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France's burqa debate stokes passion in North Africa
ALGIERS/RABAT (Reuters) - A French proposal to ban full face veils has stoked debate in Europe and also provoked strong reactions across the Mediterranean in North Africa, where many of France's Muslims trace their origins.
Former French colonies Algeria, Morocco and Tunisia are still tied to France by history, language and migration, so their views on the "burqa" issue could have a direct influence on how Muslims inside France react to a ban.
People in North Africa are split between those who see the proposed ban -- a version of which has already been approved by Belgium's lower house of parliament -- as an attack on Islam, and those who applaud Europe for defending secular values.
What is shared though by at least some people on each side of the argument is a concern that talk of a ban could be exploited by unscrupulous politicians and ratchet up tension between the authorities in Europe and Muslim communities.
"I am against this form of dress ... but we should not enact laws against it," Khadija Riyadi, president of Morocco's leading independent human rights group, AMDH, told Reuters.
"The right wing in France will take advantage of this law during elections when they should be addressing the situation of Muslims in France and trying to help them shrug off joblessness, poverty and racism," she said.
The "burqa" issue has, in France and other countries, become the focus for a debate about Islam and European society.
Belgium's lower house of parliament last month approved a bill to ban wearing the full Islamic face veil in public, though it still needs to pass the upper house.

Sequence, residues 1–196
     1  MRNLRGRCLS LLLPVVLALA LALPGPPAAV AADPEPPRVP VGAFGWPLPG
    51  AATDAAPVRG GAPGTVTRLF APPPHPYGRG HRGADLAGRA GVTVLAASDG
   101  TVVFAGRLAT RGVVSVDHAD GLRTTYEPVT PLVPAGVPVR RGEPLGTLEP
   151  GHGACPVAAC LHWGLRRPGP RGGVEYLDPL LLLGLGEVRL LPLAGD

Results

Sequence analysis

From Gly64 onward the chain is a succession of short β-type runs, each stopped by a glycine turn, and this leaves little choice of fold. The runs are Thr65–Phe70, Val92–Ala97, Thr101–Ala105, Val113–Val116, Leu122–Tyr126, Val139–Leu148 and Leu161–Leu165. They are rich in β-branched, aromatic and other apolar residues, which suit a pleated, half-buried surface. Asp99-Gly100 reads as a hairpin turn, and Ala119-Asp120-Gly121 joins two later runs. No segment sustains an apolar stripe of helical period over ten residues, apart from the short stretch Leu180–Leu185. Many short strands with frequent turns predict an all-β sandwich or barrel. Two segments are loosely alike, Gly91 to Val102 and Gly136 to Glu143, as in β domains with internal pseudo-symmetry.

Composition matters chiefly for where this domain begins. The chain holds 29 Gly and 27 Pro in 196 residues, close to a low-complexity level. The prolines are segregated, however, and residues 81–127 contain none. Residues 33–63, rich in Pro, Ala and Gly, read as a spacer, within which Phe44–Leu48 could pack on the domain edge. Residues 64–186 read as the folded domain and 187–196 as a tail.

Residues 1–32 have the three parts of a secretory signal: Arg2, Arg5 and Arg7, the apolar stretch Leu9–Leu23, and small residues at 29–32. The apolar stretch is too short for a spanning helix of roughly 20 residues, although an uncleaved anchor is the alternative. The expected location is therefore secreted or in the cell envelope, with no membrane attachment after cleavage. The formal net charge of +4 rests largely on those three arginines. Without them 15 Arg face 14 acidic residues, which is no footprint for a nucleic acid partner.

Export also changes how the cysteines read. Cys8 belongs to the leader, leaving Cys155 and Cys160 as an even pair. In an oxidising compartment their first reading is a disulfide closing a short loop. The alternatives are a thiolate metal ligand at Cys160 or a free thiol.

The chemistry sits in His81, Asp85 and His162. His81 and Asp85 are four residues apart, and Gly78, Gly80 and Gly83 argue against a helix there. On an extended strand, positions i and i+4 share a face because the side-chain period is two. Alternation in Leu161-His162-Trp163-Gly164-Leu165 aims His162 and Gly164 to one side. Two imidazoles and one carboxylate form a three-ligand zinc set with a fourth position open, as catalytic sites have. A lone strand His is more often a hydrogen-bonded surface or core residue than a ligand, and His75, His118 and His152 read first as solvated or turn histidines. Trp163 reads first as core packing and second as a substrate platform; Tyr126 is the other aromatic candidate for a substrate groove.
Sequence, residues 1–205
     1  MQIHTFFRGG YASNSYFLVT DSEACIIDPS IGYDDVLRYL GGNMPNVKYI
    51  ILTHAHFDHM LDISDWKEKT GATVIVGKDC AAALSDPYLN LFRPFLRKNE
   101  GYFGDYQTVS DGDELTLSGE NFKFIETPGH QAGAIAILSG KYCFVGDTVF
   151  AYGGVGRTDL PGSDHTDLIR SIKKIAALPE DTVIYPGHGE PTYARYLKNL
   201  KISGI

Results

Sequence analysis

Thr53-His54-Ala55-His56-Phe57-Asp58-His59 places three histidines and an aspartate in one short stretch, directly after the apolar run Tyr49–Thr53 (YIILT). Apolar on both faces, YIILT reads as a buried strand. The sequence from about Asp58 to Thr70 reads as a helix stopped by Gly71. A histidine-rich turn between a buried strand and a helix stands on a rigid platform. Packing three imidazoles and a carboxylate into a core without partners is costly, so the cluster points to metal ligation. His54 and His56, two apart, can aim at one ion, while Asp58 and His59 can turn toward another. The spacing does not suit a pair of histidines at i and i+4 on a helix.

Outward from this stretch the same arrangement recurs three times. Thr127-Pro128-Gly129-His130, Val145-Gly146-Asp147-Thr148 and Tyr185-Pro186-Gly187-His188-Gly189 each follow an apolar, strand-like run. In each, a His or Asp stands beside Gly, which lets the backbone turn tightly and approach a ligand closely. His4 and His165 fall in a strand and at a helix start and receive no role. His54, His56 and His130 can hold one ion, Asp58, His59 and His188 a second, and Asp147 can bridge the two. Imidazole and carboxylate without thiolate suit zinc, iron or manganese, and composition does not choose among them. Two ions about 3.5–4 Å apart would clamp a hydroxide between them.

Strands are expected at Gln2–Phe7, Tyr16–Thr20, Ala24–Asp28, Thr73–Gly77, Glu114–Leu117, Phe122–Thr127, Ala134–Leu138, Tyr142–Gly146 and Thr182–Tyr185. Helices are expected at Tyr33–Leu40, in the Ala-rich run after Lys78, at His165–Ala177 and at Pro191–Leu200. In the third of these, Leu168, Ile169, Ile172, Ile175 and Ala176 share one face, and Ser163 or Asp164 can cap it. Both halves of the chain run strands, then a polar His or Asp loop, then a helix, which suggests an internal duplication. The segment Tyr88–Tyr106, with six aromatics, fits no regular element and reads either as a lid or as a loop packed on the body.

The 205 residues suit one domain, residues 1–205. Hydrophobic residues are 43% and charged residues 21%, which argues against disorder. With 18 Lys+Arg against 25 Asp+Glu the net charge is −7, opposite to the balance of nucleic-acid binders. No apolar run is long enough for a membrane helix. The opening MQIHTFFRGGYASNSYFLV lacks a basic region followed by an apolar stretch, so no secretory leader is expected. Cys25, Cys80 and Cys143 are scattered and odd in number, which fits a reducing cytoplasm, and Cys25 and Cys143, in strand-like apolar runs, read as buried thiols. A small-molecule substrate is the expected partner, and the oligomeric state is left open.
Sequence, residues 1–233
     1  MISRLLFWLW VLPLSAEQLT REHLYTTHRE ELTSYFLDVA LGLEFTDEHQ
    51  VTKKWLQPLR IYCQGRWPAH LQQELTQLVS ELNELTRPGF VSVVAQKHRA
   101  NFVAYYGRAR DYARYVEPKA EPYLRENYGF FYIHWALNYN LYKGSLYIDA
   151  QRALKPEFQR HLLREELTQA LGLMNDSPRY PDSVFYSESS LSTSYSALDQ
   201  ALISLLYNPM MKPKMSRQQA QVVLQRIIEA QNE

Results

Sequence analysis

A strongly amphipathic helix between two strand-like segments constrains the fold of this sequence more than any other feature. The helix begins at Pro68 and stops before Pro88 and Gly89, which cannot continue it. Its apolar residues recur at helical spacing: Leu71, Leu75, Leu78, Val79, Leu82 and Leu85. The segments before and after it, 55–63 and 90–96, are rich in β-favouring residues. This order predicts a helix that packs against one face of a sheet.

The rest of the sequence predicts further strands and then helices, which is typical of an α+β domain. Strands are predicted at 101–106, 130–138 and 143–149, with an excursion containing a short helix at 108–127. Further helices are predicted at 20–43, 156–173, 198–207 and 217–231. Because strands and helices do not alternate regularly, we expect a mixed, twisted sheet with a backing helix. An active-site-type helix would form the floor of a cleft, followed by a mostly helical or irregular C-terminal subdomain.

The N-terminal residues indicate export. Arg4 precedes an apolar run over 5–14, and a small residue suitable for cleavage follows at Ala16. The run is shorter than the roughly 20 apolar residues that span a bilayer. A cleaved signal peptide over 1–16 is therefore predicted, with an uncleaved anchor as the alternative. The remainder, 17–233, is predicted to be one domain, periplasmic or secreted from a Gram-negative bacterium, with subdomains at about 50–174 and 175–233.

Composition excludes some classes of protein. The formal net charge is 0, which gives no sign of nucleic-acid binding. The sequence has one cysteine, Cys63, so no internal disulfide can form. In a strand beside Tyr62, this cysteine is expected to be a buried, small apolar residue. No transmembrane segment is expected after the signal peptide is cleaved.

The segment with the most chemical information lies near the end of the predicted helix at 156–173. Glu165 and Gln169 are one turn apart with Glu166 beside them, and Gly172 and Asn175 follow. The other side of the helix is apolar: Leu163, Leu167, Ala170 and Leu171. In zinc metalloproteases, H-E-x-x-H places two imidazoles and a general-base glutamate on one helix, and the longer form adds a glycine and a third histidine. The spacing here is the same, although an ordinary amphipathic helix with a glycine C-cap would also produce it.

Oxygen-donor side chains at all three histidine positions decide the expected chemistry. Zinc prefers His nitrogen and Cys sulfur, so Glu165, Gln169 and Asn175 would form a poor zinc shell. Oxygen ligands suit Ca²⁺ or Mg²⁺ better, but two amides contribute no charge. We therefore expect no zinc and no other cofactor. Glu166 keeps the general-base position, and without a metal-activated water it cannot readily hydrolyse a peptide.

France, home to the European Union's largest Muslim minority, is planning to debate a draft law to ban all face veils in public. Influential politicians in Austria and the Netherlands have also advocated a ban.
"WAR AGAINST MUSLIMS"
For some people in North Africa, those discussions are evidence of a racist push to evict Muslims from Europe.
"It is not just a campaign but a war against our people in Europe," said Sheikh Abdelfetah Zeraoui, a cleric in Algeria who belongs to the traditionalist Salafist strain of Islam.
"We will urge our decision makers to apply reciprocity for European women entering into Algeria. They should be wearing the Muslim veil. Otherwise we won't let them come to Algeria."
Just as in Europe, women in North Africa who wear full face veils -- known as the niqab or burqa -- are a small minority. Many women wear the hijab, which covers the head but leaves the face exposed, while a sizeable minority go uncovered.
Fatima Bougttaya, 32, comes from the working class neighbourhood of Sale, near Rabat, and wears a full burqa that covers her from head to toe, with only her hands exposed.
"It is just a racist decision to destroy Islam," she said, when asked about the proposed French ban. "Why do they not make a law against women who exhibit their bodies in public and in front of cameras?"
North Africa plays a role in helping form Muslim opinion in Europe because many people of North African origin regularly travel back to the region and the mosques they attend abroad are often run by clerics trained in Algeria, Morocco or Tunisia.
Secular-minded people in North Africa sympathise with European moves to ban the face veil, seeing an echo of their own concerns that hardline Islamists in their countries are becoming too powerful.
"The West has the right to preserve its secularism," said Abdelrhani Moundib, a professor of sociology and anthropology at Mohammed V University in the Moroccan capital, Rabat.
"As a Moroccan Muslim, I am against the burqa. I see nothing in it that relates to Islam or chastity," he said.
Radhia Nasraoui is a lawyer and opposition activist in the Tunisian capital who does not cover her head.
"I am against any kind of limits on personal freedom, but in this case I think the Western explanations (for banning the face veil) are logical," she said. "How can you know who the person is who is wearing a niqab?"
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